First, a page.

STRAVINSKY, IGOR. SERENADE IN A ; SONATA FOR PIANO (1924). SCHOENBERG, ARNOLD. KLAVIERSTUCK, OP. 33A AND 33b ; SUITE FUR KLAVIER, OP. 25. CHARLES ROSEN, PIANO. NEW YORK : COLUMBIA, 1969. p14210. MUSIC LIBRARY LP 12,776.
Rosen was also known as a champion of 20th-century music. The first selection on this album, Stravinsky’s Serenade, was started in the mid-1920s, during the composer’s trip to America. Rosen refers to the composer’s autobiography for a description of the work: “The four movements…,” Stravinsky states, “are united under the title Serenade, in imitation of the Nachtmusik of the eighteenth century, which was usually commissioned by patron princes for festive occasions.” The movements are called “Hymne,” “Romanza,” “Rondeletto,” and “Cadenza Finale.” The Sonata was written in 1924, when Stravinsky was beginning to make appearances in public as a pianist and a conductor. “As in all of Stravinsky’s works,” Rosen writes, “the great melodic beauty of the main lines is to be heard throughout the Sonata.”
Schoenberg’s Two Piano Pieces, op. 33a and 33b were composed with the twelve-tone technique. They were written just before Hitler’s rise to power and the composer’s departure for the United States. Op. 33a is built with continuously rising and falling chords, which increase in lyricism and dramatic contrast. Op. 33b is light and spare in style. Both selections are part of the German tradition of short lyric works for the piano, and share a meditative character.
CARTER, ELLIOTT. NIGHT FANTASIES ; PIANO SONATA. CHARLES ROSEN, PIANO. AMSTERDAM : ETCETERA, 1983. ETC 1008. MUSIC LIBRARY LP 16,075.
Rosen and eminent American composer Elliott Carter were good friends. Rosen called “Night Fantasies,” “perhaps the most extraordinary large keyboard work written since the death of Ravel.” The rhythm of the bar lines are not heard in this piece, which Rosen said gives the work its impression of improvisation and freedom. As Rosen’s notes explain, “Night Fantasies,” is full of melody, even some long melodic lines, but it has no themes and no motifs–no tune is ever played twice. Textures recur, however, as do certain intervals and chords, each with a recognizable periodic interval of its own. Carter dedicated “Night Fantasies,” to the four pianists who jointly commissioned it: Paul Jacobs, Gilbert Kalish (also a member of the Stony Brook University Music Dept. faculty), Ursula Oppens, and Rosen.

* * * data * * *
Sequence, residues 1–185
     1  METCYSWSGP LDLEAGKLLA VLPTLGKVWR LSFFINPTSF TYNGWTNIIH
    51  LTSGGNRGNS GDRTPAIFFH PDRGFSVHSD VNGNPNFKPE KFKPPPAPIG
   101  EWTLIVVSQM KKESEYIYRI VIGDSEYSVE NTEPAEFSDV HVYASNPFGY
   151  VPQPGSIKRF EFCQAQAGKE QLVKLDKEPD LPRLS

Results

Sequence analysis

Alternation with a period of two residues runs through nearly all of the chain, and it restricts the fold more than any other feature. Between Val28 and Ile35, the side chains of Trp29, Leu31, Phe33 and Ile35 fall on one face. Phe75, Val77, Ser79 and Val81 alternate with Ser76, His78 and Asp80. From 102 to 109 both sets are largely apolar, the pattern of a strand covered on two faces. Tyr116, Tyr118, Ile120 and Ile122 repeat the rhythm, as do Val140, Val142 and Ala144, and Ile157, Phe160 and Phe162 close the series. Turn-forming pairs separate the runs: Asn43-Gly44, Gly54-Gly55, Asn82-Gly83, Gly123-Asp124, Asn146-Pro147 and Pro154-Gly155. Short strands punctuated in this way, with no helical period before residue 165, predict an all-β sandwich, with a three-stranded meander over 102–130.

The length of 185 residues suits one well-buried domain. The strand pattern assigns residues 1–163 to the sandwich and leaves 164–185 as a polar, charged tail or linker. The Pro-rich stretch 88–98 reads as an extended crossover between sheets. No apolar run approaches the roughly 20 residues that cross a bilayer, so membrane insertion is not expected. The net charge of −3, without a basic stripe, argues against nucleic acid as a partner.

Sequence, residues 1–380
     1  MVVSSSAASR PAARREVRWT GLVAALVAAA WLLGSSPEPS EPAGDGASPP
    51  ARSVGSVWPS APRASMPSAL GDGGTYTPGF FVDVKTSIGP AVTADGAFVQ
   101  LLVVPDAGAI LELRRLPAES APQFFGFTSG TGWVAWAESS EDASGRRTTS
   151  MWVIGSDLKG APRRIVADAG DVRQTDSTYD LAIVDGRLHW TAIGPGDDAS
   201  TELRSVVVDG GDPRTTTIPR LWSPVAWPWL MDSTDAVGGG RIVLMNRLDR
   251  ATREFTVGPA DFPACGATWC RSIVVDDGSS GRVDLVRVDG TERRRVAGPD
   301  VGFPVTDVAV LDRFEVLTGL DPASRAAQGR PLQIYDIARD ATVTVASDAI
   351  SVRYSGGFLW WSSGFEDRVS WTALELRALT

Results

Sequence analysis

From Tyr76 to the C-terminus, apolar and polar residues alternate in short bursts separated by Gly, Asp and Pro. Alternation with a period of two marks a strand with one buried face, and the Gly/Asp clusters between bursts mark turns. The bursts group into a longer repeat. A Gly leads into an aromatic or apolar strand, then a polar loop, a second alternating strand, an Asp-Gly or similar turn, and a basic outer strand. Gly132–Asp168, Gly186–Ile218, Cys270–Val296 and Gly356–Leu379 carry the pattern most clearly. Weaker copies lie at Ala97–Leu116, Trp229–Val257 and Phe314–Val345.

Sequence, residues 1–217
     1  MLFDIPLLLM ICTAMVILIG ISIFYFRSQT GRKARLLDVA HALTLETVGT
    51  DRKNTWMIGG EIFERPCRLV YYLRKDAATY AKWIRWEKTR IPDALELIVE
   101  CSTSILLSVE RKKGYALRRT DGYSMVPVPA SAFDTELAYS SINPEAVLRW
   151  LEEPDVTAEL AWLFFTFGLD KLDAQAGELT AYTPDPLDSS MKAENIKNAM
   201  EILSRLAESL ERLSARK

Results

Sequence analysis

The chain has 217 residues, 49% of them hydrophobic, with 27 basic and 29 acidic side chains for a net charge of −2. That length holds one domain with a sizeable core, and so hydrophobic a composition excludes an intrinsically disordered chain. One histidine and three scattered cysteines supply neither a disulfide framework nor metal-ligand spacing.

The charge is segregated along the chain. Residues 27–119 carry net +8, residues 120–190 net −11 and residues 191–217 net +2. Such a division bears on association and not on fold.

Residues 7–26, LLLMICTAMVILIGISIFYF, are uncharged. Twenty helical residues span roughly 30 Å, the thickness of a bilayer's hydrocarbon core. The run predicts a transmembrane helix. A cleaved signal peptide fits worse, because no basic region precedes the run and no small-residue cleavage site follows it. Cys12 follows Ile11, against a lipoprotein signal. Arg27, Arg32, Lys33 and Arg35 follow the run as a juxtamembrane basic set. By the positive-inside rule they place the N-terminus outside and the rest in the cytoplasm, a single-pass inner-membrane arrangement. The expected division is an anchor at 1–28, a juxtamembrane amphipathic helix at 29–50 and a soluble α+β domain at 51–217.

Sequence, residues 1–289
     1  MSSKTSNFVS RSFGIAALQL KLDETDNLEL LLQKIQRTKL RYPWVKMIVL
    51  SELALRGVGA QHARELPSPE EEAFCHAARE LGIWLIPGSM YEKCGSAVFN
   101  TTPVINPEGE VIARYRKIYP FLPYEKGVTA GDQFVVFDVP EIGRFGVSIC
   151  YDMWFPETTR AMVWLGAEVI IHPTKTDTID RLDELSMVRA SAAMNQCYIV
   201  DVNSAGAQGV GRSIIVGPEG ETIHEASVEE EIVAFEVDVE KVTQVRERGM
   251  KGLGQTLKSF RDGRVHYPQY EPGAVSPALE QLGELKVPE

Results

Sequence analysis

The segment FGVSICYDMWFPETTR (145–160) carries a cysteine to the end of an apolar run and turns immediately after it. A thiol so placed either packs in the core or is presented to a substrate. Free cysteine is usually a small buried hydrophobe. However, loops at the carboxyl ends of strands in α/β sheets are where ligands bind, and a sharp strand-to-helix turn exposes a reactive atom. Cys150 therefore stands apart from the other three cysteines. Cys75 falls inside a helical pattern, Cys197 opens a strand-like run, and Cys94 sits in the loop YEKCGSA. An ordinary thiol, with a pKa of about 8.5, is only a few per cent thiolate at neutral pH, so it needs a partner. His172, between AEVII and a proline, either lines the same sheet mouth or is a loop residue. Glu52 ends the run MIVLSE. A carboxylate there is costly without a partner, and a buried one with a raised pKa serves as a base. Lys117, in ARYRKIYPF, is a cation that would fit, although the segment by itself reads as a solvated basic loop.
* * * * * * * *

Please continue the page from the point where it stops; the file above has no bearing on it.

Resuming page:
The complexity and integration of harmony and texture are what make Carter’s Piano Sonata (1945-46), Rosen wrote, such a revolutionary work. It was a radical change in Carter’s style of writing at the time. The sonata and its melodies are built upon the overtone possibilities of the piano. Another radical quality of the work is its rhythm. The changes of time signature are so frequent, Rosen stated, that they were finally left out of the score. The first movement has no time signature. And yet, Rosen found the rhythm of the movement to be “beautifully natural.”
CARTER, ELLIOTT. VARIATIONS FOR ORCHESTRA ; DOUBLE CONCERTO FOR HARPSICHORD AND PIANO WITH TWO CHAMBER ORCHESTRAS. CHARLES ROSEN, PIANO ; PAUL JACOBS, HARPSICHORD ; FREDERICK PRAUSNITZ, CONDUCTOR. NEW YORK: COLUMBIA, 1968. LIS 7190. MUSIC LIBRARY LP 2720.
Igor Stravinsky declared Carter’s Double Concerto to be “a masterpiece.” Carter wrote that the idea of a double concerto was suggested to him by his friend, harpsichordist Ralph Kirkpatrick. Carter then began to focus on the idea of “reconciling instruments,” that have “different responses to the finger’s touch.” He stated further that his efforts “eventually gave rise to the devising of elaborate percussion parts, the choice of instruments for the two orchestras, and a musical and expressive approach that affected every detail.” Other concerns for the composer included the “various relationships of pitched and non-pitched instruments, with the soloists as mediators, and the fragmentary contributions of the many kinds of tone colors to the progress of the sound events.”
Carter’s Variations for Orchestra was composed between 1953 and 1955, to fulfill a commission by the Louisville Orchestra. Instead of the traditional variations form, which is based on one pattern of material, Carter’s Variations are based on three musical ideas. The first two are “ritornelli,” which are repeated literally and then throughout the work in various transpositions of pitch and speed. The third is the central theme, which undergoes many transformations. Contrast is presented in the use of rhythm, diminution, quotation, intervallic expansion, and the use of antiphony between instrumental voices.
[i] Brett Campbell, “Awards and Honors: 2011 National Humanities Medalist Charles Rosen,” National Endowment for the Humanities, https://www.neh.gov/about/awards/national-humanities-medals/charles-rosen (accessed July 12, 2018) ; and liner notes for Robert Schumann, The Revolutionary Masterpieces, Charles Rosen, piano (Los Angeles: Elektra, 79062, 1984).